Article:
Interwell introducing: Thermite P&A barrier
Over the next decades, a significant number of wells will require plugging in the North Sea. As P&A (plug and abandonment) has no value creation for operators, it is important that these operations are conducted as efficiently as possible.
Currently, operations are completed using older and conventional methods, but for P&A to be economically sustainable in the future there is a great need for new technology and methods. In addition, regulators play a part in achieving operations that are more effective by tailoring requirements and guidelines. The ultimate goal for any P&A project would be to minimize time and cost spent.
For platform P&A, the goal is to perform offline operations, eliminating the use of a derrick, coil tubing, or pumping unit. For subsea abandonment, there is great potential to move operations away from the traditionally used semi-submersibles over to smaller and significantly cheaper, light well intervention vessels.
The innovation is a true rig-less approach to well abandonment, resulting in no need to remove tubing prior to P&A operations, and no need for drill pipe while placing barriers: A heat-generating mixture is conveyed in a steel cylinder on wireline to the relevant depth and then remotely activated by e-line. Once ignited, the heat-generating mixture will react and start an exothermic reaction that in a very short period of time will combust and then melt all the surrounding materials in the well.
The mixture will burn with a core temperature of 3.000 degrees C, and in less than a minute, will become similar to molten lava. This molten mixture will melt tubing, casing, cement and any other well components in situ – before melting portions of the formation – and, as the last stage in the process, will form a strong bond with the host rock/formation. Once this material solidifies it will create a permanent and impermeable barrier.
A sizeable high-pressure tank system (HP) was built and put into operation late 2015. This HP enabled Interwell to test and verify the behaviour of the exothermic material under realistic pressures (up to 700 bar) and temperatures. The company has completed +300 scale tests to verify the concept, proving ignition and combustion of the exothermic material under realistic conditions.
By the start of 2018, Interwll has finished five Pilot wells in Canada with Centrica, Shell and ExxonMobil; all wells deemed as technical successes. In April 2018 they completed the first onshore well in the UK with Spirit Energy, said well also considered a technical success, with further wells in Canada, Italy and Norway on track to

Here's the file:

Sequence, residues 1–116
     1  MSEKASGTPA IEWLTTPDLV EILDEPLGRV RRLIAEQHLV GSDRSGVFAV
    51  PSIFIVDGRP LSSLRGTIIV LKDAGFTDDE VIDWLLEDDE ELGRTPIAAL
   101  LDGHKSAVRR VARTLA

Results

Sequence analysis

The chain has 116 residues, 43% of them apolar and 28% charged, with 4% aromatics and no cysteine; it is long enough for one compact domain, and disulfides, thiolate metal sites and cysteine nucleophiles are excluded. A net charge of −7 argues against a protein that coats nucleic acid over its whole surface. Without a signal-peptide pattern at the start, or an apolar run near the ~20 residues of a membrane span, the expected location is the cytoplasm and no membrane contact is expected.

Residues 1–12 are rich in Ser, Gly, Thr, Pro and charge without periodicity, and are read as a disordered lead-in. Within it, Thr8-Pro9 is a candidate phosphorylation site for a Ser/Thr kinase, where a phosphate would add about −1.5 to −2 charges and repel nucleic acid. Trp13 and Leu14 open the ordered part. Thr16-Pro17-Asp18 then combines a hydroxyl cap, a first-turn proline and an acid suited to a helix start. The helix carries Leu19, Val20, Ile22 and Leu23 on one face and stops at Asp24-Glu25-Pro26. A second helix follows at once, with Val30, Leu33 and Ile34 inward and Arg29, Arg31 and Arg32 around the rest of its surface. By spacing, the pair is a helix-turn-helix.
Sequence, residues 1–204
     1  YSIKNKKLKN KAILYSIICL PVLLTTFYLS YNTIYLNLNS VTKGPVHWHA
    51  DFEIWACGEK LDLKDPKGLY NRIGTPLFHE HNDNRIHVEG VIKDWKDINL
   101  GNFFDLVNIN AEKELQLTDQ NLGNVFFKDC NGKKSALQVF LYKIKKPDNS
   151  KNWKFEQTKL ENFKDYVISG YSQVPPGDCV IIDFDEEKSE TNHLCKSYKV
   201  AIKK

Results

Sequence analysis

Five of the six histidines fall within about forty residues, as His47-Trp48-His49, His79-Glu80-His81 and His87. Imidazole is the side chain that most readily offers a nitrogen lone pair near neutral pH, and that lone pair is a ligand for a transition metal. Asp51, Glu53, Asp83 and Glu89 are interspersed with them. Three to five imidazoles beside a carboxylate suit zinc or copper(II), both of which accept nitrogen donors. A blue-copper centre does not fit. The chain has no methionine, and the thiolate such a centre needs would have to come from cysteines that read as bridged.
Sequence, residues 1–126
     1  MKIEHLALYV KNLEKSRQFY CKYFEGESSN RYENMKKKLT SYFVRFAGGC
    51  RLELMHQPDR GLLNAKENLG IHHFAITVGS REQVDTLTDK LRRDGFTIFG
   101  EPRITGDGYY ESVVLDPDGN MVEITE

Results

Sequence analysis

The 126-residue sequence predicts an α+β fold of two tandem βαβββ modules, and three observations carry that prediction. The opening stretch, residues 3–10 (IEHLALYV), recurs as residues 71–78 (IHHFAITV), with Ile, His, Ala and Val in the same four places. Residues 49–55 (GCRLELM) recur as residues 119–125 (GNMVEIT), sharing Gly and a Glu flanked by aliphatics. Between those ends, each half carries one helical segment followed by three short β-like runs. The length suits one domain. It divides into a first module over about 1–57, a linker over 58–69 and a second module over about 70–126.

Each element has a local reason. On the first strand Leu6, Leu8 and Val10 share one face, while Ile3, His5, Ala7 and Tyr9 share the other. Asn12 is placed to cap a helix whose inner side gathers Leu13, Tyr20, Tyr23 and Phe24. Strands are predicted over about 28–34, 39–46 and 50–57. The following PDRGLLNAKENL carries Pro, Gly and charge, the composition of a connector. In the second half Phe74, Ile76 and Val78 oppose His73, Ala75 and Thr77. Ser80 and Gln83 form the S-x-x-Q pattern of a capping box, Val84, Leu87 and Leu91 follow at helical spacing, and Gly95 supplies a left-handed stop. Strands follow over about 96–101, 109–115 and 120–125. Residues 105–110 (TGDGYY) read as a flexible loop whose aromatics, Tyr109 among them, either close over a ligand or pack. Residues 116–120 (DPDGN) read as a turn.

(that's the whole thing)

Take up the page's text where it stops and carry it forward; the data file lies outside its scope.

Since 1966, more than 5,000 wells have been drilled on the Norwegian shelf alone. Norwegian Oil and Gas has concluded that more than 3,000 wells on the NCS must be permanently plugged. Globally, the exact number of wells is not confirmed, but as an indicator, more than 2 million onshore wells have been drilled in USA and Canada alone.
This constitutes a real problem for the industry because:
• The number of old wells that eventually must be permanently plugged increases dramatically
• Onshore and Offshore P&A has a very high cost for owners/society, with no income potential
• Today’s technology/methodology for P&A is both time-consuming and way too costly
• Today’s procedures for P&A entails a high degree of uncertainty in a long-term perspective in terms of quality requirements
• 38% of temporarily abandoned wells on the Norwegian shelf have identified an integrity issue
Estimates done by Interwell´s partners are indicating potential savings in the range 50-75% if the product delivers. The ultimate goal for any P&A project would be to minimize time and cost spent on operations. For platform P&A, the goal is to perform offline operations, eliminating the use of a derrick, coil tubing, or pumping unit. For subsea abandonment, there is great potential to move activities away from the traditionally used semi-submersibles over to smaller and significantly cheaper, light well intervention vessels (LWIs).